In the winter of 2008, he had trips planned to Minnesota, Jacksonville and San Francisco. He went to California first. After a helicopter ride over San Francisco and meetings with the coaches, he canceled his other visits and signed a six-year, $45 million contract.

"When he made that move out there, you could tell it kind of rejuvenated him a little bit," said Thompson, who played football and basketball with Smith at Jefferson City High. "Sometimes, just a change of environment can do a person a lot of good. It was a different place, a different setting and a different group of guys. It seemed like he was excited all over again."

Success did not come quickly for Smith. In his first three seasons in San Francisco, two coaches were fired. For a while, he wondered if that 2005 playoff appearance with the Bengals would be his last.

But the 49ers' fortunes were slowly turning. Jim Harbaugh was hired in 2011, and San Francisco kept adding giant pieces to its front seven. The addition of Aldon Smith was big for the 49ers last season. Justin, possibly sensing his impact, made a point to take the kid, a fellow Mizzou player, under his wing. They worked out together during the lockout, and the veteran pushed the rookie. Justin is the set-up guy, drawing double-teams, which frees up Aldon Smith for sacks.

"That guy is unbelievable," said offensive tackle Alex Boone. "That guy will rip you apart. He'll do it again over and over. I feel like I've grown so much in this league by understanding football through his eyes. He tells me all the time, 'Do this. Don't do this. Don't ever do this no matter what anybody says, and if they pay you, don't do it, either.'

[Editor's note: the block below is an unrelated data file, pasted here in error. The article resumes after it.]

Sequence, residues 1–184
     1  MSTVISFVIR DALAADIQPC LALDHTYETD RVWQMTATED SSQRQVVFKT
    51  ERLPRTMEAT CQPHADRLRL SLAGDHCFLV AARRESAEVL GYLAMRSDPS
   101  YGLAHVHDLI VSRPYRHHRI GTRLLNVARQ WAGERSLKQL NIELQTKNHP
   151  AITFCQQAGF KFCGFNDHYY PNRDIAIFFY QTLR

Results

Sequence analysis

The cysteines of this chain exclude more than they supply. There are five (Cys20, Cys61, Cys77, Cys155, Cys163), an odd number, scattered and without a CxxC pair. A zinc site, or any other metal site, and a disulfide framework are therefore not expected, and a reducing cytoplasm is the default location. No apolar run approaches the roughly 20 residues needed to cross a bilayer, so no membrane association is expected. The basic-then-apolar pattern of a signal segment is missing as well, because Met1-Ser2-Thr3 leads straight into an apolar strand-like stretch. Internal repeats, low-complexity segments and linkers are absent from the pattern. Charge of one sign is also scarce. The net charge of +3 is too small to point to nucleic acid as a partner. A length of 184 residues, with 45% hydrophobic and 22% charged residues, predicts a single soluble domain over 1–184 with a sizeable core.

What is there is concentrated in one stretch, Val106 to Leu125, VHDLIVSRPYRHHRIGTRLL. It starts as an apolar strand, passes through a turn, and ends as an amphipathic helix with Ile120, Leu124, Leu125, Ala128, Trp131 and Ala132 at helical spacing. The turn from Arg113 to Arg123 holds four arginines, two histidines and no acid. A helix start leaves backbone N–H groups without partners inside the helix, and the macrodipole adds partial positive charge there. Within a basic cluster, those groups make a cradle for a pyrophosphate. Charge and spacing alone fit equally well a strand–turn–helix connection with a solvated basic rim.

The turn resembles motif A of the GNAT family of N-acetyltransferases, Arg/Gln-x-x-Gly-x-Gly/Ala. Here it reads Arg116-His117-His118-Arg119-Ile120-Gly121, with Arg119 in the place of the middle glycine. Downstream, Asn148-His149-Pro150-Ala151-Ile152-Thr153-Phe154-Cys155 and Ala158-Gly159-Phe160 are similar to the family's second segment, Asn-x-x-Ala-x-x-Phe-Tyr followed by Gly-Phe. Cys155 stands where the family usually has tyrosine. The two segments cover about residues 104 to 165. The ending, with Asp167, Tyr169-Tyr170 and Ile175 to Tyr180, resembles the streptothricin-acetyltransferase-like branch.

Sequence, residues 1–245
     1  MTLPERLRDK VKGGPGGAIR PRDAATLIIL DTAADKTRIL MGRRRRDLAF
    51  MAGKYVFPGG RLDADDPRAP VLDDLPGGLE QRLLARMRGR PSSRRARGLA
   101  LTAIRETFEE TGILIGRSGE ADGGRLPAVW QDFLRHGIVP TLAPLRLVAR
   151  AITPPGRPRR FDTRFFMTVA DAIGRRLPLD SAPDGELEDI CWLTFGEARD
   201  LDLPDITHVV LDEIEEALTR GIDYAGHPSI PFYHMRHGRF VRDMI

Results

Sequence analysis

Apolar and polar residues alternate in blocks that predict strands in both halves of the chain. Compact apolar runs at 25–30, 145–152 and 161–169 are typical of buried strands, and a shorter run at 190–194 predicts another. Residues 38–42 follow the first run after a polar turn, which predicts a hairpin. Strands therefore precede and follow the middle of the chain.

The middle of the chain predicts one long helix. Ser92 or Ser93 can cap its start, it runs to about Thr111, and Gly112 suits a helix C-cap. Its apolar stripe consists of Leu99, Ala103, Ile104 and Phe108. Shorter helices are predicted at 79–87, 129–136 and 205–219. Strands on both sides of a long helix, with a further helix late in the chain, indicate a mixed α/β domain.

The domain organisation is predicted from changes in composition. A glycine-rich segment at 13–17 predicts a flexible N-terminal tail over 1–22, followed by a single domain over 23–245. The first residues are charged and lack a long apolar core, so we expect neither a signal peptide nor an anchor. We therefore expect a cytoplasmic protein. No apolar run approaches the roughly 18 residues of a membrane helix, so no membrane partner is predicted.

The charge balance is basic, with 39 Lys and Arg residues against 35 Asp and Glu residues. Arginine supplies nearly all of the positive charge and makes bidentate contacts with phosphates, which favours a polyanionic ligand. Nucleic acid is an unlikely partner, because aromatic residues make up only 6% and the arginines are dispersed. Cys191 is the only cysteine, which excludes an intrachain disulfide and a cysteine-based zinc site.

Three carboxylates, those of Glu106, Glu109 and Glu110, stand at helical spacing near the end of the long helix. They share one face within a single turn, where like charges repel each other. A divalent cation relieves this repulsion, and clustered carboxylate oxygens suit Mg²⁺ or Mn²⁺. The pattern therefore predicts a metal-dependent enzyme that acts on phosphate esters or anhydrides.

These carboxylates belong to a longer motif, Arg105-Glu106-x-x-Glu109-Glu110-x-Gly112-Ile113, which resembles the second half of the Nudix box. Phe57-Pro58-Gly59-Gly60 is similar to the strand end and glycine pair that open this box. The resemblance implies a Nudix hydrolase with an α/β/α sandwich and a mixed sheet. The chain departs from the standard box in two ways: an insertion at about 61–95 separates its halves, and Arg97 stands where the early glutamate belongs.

"He's a great mentor, a great friend, and getting a year under playing against him has made everything else slow down."

When Justin Smith got hurt, he mentored his backup, Ricky Jean Francois. Smith had never really been in that spot, and in the days after the New England game was conflicted about what to do. He needed surgery, and had no clue if he'd make it back for the postseason. He couldn't stand the thought of missing a possible run to the Super Bowl.

Smith doesn't tell anyone -- not even his family -- if he's in pain. During games, he says, there are painkillers to control that. But when those wear off and Smith goes home, Dave Smith knows his son is hurting. The only time his boy was upset as a kid was when he was cooped up inside. He'd always try to lift things that were too heavy and do things that seemed too hard. They never considered it exceptional because they had nothing to compare it to.

Dave and Ginger Smith were at a banquet when Justin was a junior at Jefferson City. They went up to talk to Larry Smith, who at the time was the head coach at Missouri. They figured Smith wouldn't know who Justin was, and then the coach told them that he was the best football player he'd seen since Junior Seau.

The Smiths wondered if the coach was "blowing a little smoke" and said that to all the parents. They went over and talked to a couple of other parents. The coach hadn't said anything like that about their kids.

"When they offered him a scholarship," Dave said, "we about fell over."

But that's the thing about Smith. He doesn't act like he's big time, so maybe it's hard to see it sometimes.

Smith's idea of a good time is grilling some pork steaks, sitting on his deck with friends and listening to Waylon Jennings on his Jambox. He has made millions, but has only one TV in his house. He didn't have cable as a kid, and didn't care. He was too busy feeding the cows and doing push-ups.

But in Jefferson City, and at Railwood, they'll make a big deal over Justin Smith on Sunday. They'll drink beer and hold parties. They'll watch an ordinary guy do something extraordinary.